MarketWatch First Take: Pandemic? Antitrust? No worries for Big Tech, which racked up $200 billion in sales anyway
Amid a global pandemic and concerted antitrust scrutiny, the Big Tech quartet in regulators’ sights are just getting bigger.
Alphabet Inc. GOOG, +0.62% GOOGL, +0.97% GOOGL, +0.97% Amazon.com Inc. AMZN, +0.60%, Apple Inc. AAPL, +1.21% and Facebook Inc. FB, +0.51% combined Thursday to report profit of nearly $29 billion on sales approaching $200 billion in the second quarter, the first full three-month period of the COVID-19 pandemic.
The four collectively crushed Wall Street’s expectations a day after a five-and-a-half-hour-long congressional hearing on anticompetitive practices in which their CEOs answered questions from lawmakers on their dominant positions in the marketplace. Their stocks in after-hours trading mirrored that view, with all four stocks gaining and pushing toward a combined market cap increase of more than $200 billion. The four companies combined were worth almost $5 trillion at the close.
Combined revenue for the four — excluding traffic acquisition costs, or TAC, for Google parent Alphabet — was $198.11 billion, with Amazon reporting the most stunning revenue and earnings beat after Chief Executive Jeff Bezos promised to spend all of Amazon’s profit on responding to the pandemic.
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With more people stuck at home and relying on shopping online and working on cloud-computing power, Amazon’s net income was instead a record for the e-commerce giant. Chief Financial Officer Brian Olsavsky told analysts on its conference call that online grocery sales tripled in the quarter and world-wide video streaming doubled from a year ago. Amazon’s physical stores saw a 13% decline, however, as more consumers used online grocery delivery services while sheltering in place.
Wall Street had been looking for the four giants to report a combined revenue of $181.5 billion, according to FactSet, compared with $165.7 billion in the year-ago quarter, excluding TAC for Alphabet. Combined revenue for the four grew nearly 20%.
Amazon’s earnings beat pushed the four’s combined net income to $28.6 billion, far surpassing analysts’ average estimate of approximately $19.04 billion, according to FactSet, and marking growth of more than 13% from $25.21 billion a year ago despite the pandemic.
Apple would not be impressed by Amazon’s record profit, as the iPhone maker recorded more than double Amazon’s earnings, surpassing $11 billion despite shutting down its Apple Stores in some geographies for some short periods due to the pandemic. The company told investors on its conference call that it is having a very strong cycle of demand with the smaller, lower-cost iPhone 11, and that the work-from-home trend helped fuel stronger sales of the iPad and the Mac.
“Mac and iPad, these are productivity tools that people are using to stay engaged with their work or stay engaged with their schoolwork,” Apple Chief Executive Tim Cook told analysts. “And we believe we’re going to have a strong back-to-school season sitting here today, it certainly looks like that.”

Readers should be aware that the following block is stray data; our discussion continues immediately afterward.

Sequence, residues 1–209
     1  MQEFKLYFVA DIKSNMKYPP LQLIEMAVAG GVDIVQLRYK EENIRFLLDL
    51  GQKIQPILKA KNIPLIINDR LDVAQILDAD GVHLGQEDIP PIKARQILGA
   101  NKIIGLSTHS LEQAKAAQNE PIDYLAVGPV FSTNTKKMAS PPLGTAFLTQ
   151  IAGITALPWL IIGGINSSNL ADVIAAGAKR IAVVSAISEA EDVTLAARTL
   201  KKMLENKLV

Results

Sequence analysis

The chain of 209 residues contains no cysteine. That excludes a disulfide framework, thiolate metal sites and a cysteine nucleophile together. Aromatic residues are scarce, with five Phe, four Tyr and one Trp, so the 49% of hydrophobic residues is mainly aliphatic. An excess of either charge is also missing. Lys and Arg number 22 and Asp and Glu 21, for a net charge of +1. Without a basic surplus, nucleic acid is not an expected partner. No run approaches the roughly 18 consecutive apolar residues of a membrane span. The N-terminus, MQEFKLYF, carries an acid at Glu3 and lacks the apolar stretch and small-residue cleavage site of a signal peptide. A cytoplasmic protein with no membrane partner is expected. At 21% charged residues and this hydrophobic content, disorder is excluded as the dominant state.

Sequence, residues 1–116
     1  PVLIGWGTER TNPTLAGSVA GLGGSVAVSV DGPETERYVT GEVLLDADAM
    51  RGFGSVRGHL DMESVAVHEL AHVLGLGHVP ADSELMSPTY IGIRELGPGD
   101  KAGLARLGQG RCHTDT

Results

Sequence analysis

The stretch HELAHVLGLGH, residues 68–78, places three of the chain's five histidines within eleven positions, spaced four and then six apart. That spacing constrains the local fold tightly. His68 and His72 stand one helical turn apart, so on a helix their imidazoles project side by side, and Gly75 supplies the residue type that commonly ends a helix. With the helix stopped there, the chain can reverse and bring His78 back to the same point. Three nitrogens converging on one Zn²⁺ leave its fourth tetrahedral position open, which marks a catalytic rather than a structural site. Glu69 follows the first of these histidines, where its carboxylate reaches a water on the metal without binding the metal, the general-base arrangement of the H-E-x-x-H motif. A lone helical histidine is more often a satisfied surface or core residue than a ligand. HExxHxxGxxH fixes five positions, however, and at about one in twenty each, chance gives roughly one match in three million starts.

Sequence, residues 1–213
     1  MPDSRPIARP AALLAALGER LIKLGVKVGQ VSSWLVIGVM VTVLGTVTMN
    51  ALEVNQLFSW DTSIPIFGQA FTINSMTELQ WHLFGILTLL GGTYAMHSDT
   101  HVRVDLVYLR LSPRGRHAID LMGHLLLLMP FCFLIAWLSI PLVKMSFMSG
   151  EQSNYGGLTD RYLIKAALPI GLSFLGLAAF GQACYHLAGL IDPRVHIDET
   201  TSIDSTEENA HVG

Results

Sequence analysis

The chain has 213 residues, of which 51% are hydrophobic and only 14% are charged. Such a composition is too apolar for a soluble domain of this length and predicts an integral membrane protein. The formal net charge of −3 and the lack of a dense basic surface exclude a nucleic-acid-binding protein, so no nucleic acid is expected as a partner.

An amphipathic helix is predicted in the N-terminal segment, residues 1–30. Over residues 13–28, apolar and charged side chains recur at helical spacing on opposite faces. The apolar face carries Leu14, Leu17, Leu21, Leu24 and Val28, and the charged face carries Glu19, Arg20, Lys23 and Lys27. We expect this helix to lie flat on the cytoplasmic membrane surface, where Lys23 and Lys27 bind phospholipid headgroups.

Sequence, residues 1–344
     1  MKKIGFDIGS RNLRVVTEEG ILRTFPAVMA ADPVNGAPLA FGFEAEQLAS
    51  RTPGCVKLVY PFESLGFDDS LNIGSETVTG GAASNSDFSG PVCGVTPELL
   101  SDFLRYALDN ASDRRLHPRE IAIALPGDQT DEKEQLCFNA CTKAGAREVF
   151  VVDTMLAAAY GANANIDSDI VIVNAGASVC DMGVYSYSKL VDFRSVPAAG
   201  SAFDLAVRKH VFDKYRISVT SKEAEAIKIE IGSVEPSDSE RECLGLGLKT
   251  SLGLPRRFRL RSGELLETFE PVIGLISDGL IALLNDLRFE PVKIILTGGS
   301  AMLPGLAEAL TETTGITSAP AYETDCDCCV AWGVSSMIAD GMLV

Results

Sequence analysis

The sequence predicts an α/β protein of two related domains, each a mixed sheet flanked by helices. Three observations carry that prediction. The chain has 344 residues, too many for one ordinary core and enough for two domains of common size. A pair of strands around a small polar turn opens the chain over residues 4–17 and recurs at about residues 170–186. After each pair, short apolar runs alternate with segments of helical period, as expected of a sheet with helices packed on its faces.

The company also announced a surprise four-for-one stock split.
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While Apple and Amazon flourished, there were difficulties for Facebook and Google, which rely on online advertising for their revenue, a category that could face larger headwinds from the COVID-19 pandemic.
Alphabet met expectations but display ads on Google fell, producing a decline in Google’s ad revenue for the first time.
“The macroeconomic environment costs by the pandemic created headwinds for our business,” Alphabet CEO Sundar Pichai, told analysts, adding that during the current quarter, the company saw early signs of stabilization as users returned to commercial activity online. “This was true across most of our advertising verticals and geographies. Of course, the economic climate remains fragile.”
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Facebook, though, had the biggest after-hours jump in its stock price after it beat Wall Street expectations by topping $5 billion in quarterly profit. Facebook said that its traffic grew during the pandemic, with more people at home online, but that the average price per ad declined due to the economic fallout of COVID-19.
“Facebook has been a lifeline of economic activity,” said Chief Financial Officer David Wehner.
So even though every one of the tech giants discussed the economic slowdown as a result of the global pandemic, for the most part, they have been largely unaffected — and in Amazon’s case, made even more money — as their services became more necessary. Big Tech just keeps proving that little can stop them from getting bigger, unless the government decides to do something to try to stop it.